He is no stranger to risk taking, though. Feinberg's Cerberus took over Chrysler in 2007, thinking the ailing automaker could be turned around. No such luck. The Great Recession scotched those ambitions, and Cerberus booked a big loss. Chrysler tumbled into bankruptcy and Cerberus lost control of the company. Feinberg himself pleaded with lawmakers to bail out the U.S. auto industry, an uncharacteristic move for a free-market enthusiast and Republican.
Malpass has got one of the longer political resumes on the Trump economic bench. In 2010, he lost a primary for a U.S. Senate seat from New York. Malpass, who is the founder and president of economic research and consulting firm Encima Global, also served as the deputy assistant Treasury secretary to President Ronald Reagan and deputy assistant secretary of state to President George H.W. Bush. He also was chief economist at Bear Stearns, which went bust in the Great Recession.
Malpass takes a pretty clear economic position against quantitative easing and "helicopter money," a way of describing how the Federal Reserve and other central banks pushed money into their economies to spur growth. Instead, he said, "central bankers should be forcefully urging their governments to pursue practical growth-oriented solutions that encourage private investment and hiring."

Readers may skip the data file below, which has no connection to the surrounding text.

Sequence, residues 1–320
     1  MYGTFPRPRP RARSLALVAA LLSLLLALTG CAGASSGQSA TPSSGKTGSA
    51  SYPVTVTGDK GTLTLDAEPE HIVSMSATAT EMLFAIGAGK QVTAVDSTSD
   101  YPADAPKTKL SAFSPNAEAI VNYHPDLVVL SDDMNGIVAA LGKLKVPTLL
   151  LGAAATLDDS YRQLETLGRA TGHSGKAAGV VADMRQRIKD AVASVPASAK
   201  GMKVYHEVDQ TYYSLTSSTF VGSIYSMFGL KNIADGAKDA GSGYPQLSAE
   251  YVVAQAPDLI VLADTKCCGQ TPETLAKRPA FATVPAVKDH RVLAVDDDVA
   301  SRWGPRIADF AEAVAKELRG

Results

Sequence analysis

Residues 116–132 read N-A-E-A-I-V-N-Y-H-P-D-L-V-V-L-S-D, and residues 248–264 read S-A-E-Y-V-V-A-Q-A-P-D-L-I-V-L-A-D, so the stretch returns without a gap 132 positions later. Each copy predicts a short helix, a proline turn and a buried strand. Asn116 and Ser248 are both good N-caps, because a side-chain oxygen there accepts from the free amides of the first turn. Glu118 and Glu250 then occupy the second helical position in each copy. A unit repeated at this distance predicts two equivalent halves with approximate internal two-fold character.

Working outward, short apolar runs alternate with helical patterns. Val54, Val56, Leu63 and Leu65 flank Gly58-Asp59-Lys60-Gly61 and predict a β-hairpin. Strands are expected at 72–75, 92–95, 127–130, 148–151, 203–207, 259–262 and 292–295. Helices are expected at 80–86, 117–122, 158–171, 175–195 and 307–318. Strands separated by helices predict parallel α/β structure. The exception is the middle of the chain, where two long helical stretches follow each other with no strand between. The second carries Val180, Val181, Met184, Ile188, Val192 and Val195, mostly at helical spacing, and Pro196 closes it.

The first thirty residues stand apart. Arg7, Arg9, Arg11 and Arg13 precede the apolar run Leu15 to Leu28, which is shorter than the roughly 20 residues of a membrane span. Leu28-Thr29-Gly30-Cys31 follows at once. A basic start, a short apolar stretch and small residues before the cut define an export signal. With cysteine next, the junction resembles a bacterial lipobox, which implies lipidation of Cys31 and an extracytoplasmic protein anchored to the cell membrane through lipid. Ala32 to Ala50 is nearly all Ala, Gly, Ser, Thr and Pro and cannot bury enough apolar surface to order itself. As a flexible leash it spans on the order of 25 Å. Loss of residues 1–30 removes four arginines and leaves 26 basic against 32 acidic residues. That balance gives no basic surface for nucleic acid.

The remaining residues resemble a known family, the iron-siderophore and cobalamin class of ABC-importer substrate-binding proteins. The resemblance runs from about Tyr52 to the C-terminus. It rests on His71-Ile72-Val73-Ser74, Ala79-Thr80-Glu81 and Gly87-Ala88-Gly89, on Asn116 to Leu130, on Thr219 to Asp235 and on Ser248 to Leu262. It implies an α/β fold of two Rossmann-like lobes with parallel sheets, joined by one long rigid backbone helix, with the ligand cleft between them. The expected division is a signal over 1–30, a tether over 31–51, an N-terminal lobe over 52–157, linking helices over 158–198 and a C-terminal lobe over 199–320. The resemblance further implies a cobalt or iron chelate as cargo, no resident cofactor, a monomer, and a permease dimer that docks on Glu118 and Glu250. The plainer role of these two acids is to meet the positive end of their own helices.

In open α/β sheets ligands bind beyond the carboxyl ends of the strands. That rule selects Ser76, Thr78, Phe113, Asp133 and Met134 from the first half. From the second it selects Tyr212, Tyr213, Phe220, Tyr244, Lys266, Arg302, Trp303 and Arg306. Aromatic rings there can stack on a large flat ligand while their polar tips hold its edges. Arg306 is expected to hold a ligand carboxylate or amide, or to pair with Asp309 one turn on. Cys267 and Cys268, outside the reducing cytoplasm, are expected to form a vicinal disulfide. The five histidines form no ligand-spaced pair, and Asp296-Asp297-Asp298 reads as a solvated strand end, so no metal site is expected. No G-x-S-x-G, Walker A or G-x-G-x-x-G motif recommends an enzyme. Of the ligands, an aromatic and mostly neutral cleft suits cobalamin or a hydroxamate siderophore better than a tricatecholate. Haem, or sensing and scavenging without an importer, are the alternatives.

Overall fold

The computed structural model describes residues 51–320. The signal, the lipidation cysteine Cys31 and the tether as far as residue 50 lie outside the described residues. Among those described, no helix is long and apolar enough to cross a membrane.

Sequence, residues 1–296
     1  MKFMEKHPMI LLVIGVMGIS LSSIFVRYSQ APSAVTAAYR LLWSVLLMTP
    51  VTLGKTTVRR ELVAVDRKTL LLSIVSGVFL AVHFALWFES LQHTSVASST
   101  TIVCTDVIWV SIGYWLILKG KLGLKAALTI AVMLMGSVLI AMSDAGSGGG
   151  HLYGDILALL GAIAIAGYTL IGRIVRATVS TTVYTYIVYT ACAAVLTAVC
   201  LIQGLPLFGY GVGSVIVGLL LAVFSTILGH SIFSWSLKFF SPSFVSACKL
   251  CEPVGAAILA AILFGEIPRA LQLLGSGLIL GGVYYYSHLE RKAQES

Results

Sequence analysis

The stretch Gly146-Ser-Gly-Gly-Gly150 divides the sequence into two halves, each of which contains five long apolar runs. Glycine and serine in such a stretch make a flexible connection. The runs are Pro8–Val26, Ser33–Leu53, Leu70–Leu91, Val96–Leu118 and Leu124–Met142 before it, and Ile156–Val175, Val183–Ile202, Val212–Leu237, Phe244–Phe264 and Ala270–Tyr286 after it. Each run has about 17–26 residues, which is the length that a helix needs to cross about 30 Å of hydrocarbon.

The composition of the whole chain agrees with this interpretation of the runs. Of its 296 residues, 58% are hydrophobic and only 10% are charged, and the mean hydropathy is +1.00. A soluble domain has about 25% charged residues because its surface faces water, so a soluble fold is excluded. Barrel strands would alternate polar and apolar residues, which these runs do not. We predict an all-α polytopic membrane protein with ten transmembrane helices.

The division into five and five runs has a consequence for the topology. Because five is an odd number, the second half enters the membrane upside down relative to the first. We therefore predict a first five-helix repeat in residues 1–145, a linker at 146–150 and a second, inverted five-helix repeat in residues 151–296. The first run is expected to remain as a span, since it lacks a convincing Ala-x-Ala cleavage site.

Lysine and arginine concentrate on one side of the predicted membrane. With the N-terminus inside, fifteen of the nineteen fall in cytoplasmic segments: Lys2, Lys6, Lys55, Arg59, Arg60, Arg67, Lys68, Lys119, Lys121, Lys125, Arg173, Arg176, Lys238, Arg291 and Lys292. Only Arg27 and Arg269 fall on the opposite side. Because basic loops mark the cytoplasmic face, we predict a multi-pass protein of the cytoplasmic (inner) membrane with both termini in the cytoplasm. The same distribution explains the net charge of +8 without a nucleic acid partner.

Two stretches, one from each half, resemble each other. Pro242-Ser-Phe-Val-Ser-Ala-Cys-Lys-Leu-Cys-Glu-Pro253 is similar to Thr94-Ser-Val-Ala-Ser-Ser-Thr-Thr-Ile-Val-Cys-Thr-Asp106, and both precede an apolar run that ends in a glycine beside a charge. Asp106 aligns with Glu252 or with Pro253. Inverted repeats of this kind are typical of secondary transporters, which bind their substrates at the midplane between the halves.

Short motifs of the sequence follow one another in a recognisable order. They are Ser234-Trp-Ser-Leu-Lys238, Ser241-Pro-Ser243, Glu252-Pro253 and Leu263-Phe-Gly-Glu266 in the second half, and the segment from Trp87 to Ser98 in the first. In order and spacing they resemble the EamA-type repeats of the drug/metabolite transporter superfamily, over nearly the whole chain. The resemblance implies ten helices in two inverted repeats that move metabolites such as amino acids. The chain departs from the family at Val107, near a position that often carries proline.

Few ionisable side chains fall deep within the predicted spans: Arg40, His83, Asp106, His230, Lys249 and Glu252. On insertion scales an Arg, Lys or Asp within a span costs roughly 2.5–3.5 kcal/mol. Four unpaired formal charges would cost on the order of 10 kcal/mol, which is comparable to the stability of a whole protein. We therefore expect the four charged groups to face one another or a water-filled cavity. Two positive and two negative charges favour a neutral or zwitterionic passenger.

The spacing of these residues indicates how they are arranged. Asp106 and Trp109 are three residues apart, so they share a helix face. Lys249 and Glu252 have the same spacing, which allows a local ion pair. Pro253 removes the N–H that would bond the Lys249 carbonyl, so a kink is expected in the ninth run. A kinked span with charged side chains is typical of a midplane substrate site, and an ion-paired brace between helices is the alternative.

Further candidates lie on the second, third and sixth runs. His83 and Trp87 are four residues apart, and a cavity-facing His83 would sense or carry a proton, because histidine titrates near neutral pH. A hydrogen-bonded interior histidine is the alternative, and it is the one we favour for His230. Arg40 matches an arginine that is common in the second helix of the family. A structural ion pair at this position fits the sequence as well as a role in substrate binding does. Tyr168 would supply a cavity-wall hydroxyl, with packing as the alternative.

In May, Malpass warned the House Financial Services Committee that the Fed's economic stimulus policy of buying bonds was counterproductive.
Economist Moore—notably one of the only economists on Trump's team—is a strong conservative voice advocating free-market policies and supply-side economics. A one-time congressional aide and Wall Street Journal editorial board member, he has engaged in intellectual combat with, among others, New York Times op-ed columnist and Nobel-prize winning liberal economist Paul Krugman.